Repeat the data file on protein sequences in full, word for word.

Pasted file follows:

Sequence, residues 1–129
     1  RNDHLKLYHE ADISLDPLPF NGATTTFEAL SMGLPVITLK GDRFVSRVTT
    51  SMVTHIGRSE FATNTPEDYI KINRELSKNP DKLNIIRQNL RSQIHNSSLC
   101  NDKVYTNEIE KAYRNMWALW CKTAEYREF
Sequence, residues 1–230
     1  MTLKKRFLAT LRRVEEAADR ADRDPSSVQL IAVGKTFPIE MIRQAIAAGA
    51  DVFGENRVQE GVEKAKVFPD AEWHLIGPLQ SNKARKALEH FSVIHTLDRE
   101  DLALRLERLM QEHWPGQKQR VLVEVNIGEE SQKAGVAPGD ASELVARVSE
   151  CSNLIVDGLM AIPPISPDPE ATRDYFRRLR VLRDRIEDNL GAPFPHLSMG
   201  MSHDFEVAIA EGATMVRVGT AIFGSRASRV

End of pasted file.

Sequence, residues 1–129
     1  RNDHLKLYHE ADISLDPLPF NGATTTFEAL SMGLPVITLK GDRFVSRVTT
    51  SMVTHIGRSE FATNTPEDYI KINRELSKNP DKLNIIRQNL RSQIHNSSLC
   101  NDKVYTNEIE KAYRNMWALW CKTAEYREF
Sequence, residues 1–230
     1  MTLKKRFLAT LRRVEEAADR ADRDPSSVQL IAVGKTFPIE MIRQAIAAGA
    51  DVFGENRVQE GVEKAKVFPD AEWHLIGPLQ SNKARKALEH FSVIHTLDRE
   101  DLALRLERLM QEHWPGQKQR VLVEVNIGEE SQKAGVAPGD ASELVARVSE
   151  CSNLIVDGLM AIPPISPDPE ATRDYFRRLR VLRDRIEDNL GAPFPHLSMG
   201  MSHDFEVAIA EGATMVRVGT AIFGSRASRV